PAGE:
When a person (a ‘Donor’) creates a Lasting Power of Attorney appointing a trusted person (an ‘Attorney’) to manage their financial affairs in the event they are unable to do so themselves, they do not contemplate the possibility that their Attorney could abuse their position by accessing and using the Donor’s money for their own benefit.
Sadly, financial abuse by Attorneys is commonplace and very often not discovered until after the event when there may be no prospect of recovering those misappropriated funds.
The position is different when financial abuse is carried out by Deputy. A Deputy is someone appointed by the Court of Protection to manage the finances of someone who lacks mental capacity to do so themselves and does not have a Lasting Power of Attorney. It is mandatory that all Deputies take out insurance (known as a security bond) insuring against loss to the incapacitated person’s as a result of the Deputy’s fraud or negligence. In the event of such loss the security bond can be called in and the funds restored.
This obvious inconsistency has been a cause of controversy. Retired Senior Judge Lush who presided of thousands of abuse claims in the Court of Protection once commented that he would never sign a Lasting Power of Attorney because of the risk of financial abuse and the devastating effects on family relationships, and would prefer the safeguards afforded by a Deputyship Order, albeit this came with added costs.
A new security bond has now been developed to protect Donors under a Lasting Power of Attorney. Although only optional at this stage, this represents a significant development and one that legal practitioners will widely promote to their clients. In addition to financial abuse and negligence, the cover will also include:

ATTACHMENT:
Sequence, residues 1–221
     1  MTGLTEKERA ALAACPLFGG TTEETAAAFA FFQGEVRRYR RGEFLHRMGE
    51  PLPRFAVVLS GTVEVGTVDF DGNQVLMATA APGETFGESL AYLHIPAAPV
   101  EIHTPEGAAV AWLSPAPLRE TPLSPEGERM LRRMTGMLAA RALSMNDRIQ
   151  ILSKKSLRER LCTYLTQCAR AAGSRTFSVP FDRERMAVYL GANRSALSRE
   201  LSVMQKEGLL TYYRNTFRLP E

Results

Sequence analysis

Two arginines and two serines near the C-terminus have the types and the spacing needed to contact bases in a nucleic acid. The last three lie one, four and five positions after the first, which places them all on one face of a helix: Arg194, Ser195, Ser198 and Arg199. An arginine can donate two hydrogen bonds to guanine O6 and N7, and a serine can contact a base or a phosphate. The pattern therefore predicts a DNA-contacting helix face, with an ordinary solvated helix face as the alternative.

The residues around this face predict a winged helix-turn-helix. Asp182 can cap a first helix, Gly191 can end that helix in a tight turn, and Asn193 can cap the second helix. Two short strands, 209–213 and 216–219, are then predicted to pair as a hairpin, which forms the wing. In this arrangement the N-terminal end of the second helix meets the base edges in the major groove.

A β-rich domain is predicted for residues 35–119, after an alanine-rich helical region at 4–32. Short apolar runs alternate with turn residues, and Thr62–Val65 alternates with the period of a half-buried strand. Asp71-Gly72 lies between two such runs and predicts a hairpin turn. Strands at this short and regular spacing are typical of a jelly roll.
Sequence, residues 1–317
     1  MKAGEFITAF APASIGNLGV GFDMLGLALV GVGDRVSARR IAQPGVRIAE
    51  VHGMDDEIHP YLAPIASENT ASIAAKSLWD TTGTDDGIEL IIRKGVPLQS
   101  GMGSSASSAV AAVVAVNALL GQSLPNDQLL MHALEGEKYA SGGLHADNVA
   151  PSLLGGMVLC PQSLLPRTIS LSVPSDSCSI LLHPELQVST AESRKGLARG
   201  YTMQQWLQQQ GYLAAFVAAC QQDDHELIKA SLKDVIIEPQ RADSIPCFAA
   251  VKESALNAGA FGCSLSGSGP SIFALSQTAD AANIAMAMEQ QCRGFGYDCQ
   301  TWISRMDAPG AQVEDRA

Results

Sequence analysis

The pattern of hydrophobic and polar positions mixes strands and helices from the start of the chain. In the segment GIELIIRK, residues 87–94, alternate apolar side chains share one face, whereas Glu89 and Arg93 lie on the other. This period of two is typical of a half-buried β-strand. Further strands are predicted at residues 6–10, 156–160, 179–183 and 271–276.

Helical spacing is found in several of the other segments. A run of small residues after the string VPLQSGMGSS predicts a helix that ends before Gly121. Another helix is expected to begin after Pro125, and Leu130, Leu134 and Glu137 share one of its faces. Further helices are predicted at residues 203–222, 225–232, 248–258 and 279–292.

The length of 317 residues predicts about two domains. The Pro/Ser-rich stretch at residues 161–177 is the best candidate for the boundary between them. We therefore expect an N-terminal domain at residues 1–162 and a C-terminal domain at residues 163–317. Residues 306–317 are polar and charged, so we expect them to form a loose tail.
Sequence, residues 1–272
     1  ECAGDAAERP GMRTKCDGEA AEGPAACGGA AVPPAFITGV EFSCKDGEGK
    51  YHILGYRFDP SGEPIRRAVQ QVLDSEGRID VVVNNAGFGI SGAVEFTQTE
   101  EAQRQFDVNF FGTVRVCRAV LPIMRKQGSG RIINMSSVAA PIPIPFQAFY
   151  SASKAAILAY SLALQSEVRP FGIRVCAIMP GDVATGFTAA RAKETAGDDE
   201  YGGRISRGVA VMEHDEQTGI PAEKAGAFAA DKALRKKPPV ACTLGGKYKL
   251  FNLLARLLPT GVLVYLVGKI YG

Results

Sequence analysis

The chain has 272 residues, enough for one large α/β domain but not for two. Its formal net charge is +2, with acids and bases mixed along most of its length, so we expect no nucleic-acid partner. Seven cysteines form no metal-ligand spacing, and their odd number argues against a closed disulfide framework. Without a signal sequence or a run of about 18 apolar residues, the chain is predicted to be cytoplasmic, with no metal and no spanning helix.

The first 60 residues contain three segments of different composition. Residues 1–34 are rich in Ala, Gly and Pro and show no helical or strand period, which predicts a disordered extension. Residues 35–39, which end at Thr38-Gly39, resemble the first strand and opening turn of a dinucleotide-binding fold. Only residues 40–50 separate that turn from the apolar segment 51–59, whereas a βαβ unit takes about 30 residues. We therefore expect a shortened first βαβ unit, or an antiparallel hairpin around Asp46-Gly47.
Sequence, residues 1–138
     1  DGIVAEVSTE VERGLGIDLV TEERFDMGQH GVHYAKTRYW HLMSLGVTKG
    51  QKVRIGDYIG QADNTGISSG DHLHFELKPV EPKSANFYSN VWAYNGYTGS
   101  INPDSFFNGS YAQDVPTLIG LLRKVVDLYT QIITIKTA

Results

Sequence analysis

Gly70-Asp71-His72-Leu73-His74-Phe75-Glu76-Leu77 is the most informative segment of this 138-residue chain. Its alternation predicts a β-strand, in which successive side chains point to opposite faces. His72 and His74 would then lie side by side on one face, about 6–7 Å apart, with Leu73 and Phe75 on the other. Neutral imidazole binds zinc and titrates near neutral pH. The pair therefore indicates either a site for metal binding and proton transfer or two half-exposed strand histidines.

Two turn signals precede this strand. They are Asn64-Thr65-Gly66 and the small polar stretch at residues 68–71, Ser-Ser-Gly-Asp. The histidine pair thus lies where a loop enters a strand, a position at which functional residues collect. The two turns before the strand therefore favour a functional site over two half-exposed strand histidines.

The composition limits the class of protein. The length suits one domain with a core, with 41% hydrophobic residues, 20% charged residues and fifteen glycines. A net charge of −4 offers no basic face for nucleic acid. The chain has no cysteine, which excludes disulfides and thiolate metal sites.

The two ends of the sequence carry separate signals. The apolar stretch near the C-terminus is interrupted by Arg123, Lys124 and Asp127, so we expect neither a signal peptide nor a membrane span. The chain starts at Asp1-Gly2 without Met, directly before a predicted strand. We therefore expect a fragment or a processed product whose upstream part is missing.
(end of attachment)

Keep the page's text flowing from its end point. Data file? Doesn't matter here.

Partner Matthew Edwards, the head of our private client team, is a Court Approved Panel Deputy who accepts deputy appointments on a range of cases, including cases involving serious financial abuse. Matthew commented:
“The introduction of LPA security bonds is a welcome and long overdue change in this area of law. Sadly, serious financial abuse amongst the elderly and other vulnerable client groups is surprisingly common and there is no guarantee that it is possible to recover missing funds and restore a person’s estate. A security bond offers the peace of mind that legal recourse will be available should financial abuse and loss occur.”
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This article was written by Matthew Edwards, Partner in the Private Client Team at Pinney Talfourd LLP Solicitors. The contents of this article are for the purposes of general awareness only. They do not purport to constitute legal or professional advice. Specific legal advice should be taken on each individual matter. This article is based on the law as of August 2020.